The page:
Monday Music: The morning cuppa

My morning cuppa. I don't usually have flowers though, they were a birthday bonus.

My morning cuppa. I don’t usually have flowers though, they were a birthday bonus.

I love coffee. I’m thoroughly addicted. Every morning at work I make myself a single cup to kick-start my day. It’s very good. Nutty and rich, even when brewed in a plunger. Fair Trade, of course.

All of my in-laws in Ghana being cocoa farmers, I’m committed to buying Fair Trade as much as possible. Not only coffee and chocolate, I buy ethically-sourced toothbrushes and recently purchased a gorgeous green suede handbag from Oxfam. If you’re in a position to spend a little more on your day-to-day needs, you can buy almost anything from undies to footballs without trampling human rights or wrecking the planet.

I mention all this because yesterday was the last day of Fair Trade Fortnight in Australia. It’s a time to draw attention to the inequalities caused by free trade, and the benefits of equitable, or fair trade. So I’m going to draw your attention to some wonderful music from the country where coffee originated. But first, warm your cup.

Ethiopia is still one of the top 5 coffee-producing countries of the world. As you can see, it’s still an important part of the culture. African music festivals in Australia also often feature Ethiopian coffee, ceremonially prepared.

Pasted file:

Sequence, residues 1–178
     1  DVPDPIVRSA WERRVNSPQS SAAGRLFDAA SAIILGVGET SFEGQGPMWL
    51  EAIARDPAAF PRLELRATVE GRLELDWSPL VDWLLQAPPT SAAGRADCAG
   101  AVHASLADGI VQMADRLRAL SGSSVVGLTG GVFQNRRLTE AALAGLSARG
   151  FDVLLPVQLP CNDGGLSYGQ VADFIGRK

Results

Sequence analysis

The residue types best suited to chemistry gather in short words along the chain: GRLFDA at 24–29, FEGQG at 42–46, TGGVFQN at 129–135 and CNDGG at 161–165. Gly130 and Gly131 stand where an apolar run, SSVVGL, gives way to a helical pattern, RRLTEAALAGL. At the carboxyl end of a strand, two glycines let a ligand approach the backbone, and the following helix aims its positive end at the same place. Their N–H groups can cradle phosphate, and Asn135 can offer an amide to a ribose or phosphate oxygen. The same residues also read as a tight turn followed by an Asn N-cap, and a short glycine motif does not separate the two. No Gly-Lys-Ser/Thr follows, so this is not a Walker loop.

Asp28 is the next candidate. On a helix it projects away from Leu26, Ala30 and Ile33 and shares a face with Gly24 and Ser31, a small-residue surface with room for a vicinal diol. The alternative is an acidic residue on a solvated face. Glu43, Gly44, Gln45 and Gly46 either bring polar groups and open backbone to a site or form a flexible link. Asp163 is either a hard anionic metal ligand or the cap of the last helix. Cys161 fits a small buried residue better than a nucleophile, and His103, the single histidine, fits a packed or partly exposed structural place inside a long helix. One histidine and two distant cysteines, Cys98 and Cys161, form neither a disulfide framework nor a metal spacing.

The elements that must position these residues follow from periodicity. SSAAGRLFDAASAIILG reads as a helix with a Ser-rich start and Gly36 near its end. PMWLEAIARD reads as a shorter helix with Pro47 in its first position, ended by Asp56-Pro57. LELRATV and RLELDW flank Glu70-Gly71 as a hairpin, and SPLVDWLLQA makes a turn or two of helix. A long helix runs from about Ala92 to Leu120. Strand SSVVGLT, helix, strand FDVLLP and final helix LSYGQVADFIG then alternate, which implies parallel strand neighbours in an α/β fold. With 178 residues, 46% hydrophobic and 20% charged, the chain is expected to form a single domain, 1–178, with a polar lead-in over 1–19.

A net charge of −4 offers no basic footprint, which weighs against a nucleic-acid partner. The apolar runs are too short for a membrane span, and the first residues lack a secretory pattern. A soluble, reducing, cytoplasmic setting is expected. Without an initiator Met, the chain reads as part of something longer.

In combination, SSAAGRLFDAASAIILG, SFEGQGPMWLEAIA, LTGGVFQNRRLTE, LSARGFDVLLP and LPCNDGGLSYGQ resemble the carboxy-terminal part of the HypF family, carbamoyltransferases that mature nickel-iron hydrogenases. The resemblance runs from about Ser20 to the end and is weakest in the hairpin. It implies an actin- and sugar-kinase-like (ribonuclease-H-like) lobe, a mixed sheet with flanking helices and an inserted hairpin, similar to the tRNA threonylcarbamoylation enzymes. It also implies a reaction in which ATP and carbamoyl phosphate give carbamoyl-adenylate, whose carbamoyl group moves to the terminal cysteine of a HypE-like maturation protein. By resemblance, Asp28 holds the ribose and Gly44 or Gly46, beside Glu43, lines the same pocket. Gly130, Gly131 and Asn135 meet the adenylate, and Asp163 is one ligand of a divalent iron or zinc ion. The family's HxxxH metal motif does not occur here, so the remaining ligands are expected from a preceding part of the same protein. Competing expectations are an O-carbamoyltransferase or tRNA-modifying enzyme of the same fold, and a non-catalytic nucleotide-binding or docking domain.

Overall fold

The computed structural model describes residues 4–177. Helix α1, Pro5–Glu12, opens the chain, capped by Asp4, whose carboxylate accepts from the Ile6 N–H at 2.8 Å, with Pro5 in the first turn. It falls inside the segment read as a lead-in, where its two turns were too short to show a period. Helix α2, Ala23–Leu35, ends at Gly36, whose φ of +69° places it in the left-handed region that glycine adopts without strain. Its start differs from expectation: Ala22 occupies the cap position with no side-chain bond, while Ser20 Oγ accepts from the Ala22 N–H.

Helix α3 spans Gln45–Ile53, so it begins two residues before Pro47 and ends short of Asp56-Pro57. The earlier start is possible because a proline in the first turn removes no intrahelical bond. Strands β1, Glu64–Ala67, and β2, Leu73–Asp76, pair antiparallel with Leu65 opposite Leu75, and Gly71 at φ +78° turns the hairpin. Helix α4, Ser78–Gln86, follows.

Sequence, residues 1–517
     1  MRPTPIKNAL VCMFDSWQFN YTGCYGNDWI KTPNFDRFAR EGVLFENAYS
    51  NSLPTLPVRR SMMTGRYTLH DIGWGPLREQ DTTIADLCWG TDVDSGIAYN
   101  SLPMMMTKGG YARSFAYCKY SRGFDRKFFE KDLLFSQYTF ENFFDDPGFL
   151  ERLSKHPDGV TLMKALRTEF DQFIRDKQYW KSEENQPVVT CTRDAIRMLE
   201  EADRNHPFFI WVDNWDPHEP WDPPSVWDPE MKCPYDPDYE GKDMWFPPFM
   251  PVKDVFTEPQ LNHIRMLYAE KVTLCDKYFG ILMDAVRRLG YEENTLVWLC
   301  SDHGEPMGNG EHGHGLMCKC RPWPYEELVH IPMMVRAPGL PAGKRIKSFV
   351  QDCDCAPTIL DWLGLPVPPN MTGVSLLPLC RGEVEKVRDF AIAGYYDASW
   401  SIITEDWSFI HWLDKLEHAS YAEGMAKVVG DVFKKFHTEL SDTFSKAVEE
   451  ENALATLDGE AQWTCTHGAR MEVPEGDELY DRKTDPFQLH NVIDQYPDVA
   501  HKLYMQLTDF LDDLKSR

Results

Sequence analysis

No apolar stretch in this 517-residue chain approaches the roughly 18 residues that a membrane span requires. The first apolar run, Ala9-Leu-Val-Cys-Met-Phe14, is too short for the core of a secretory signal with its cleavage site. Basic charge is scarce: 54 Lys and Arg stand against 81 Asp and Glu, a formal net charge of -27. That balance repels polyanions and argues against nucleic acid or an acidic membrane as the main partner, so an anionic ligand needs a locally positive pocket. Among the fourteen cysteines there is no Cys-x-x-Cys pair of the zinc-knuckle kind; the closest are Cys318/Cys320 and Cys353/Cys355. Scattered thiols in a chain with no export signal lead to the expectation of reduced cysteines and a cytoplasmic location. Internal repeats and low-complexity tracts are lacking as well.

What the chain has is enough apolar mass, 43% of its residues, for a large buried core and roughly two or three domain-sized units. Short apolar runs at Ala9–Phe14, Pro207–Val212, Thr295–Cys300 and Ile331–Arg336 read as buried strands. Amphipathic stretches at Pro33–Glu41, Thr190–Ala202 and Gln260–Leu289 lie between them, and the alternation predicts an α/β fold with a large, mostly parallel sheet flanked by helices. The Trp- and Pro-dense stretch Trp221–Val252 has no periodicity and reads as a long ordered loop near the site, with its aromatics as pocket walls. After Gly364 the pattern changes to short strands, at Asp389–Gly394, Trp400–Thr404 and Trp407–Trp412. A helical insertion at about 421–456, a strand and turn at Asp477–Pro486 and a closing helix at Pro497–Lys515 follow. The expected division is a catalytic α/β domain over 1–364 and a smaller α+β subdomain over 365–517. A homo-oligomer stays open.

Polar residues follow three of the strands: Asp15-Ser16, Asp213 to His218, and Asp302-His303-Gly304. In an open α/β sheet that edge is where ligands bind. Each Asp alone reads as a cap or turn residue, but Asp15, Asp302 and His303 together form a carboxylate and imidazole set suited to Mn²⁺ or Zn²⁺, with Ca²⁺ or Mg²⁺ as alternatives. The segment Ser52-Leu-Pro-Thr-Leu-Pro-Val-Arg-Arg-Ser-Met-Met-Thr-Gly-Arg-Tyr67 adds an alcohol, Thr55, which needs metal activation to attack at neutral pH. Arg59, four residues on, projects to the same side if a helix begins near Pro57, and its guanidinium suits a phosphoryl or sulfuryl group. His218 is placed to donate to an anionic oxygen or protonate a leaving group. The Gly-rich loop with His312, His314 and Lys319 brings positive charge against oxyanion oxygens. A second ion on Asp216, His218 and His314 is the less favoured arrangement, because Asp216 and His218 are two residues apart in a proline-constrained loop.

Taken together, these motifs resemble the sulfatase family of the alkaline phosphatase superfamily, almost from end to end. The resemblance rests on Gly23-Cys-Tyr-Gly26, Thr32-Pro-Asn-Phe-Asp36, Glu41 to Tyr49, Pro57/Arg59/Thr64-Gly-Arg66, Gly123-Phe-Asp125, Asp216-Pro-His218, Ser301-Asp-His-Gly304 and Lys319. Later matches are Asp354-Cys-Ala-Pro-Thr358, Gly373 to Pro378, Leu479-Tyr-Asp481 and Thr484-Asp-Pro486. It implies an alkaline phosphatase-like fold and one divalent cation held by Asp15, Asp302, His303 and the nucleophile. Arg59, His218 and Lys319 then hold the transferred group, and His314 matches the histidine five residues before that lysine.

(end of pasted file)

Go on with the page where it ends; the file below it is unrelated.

Australia’s fortunate to have another Ethiopian export in Dereb Desalegn. Dubbed ‘The Ambassador’, Dereb’s music gets his audiences jumping like coffee beans in a roasting pan. If you want to check him out, he’s playing Perisher and Sydney in June.

Hmmm … full-bodied with some cheeky undertones.

Here’s a bold and lively blend: Ethiopia’s GiGi, mixing it up with North Indian Sufi music Tabla Beat Science.

It’s true that Indian flavours dominate, but Ethiopian hints of caramel add sweetness to  this aromatic fusion. (Sorry, getting carried away. Coffee descriptions don’t really have to make sense, do they?)

And finally, going back in time to the first Ethiopian musician I ever heard, world-famous Aster Aweke. I first heard her in the 1980s and she is still going strong.

Lusciously smooth, expressively earthy, a hint of spice, she definitely lingers on the palate. I’m going to have another cup.


I do bang on a bit about Fair Trade on this blog. You can read my other blog posts on the subject here.

 

 

 

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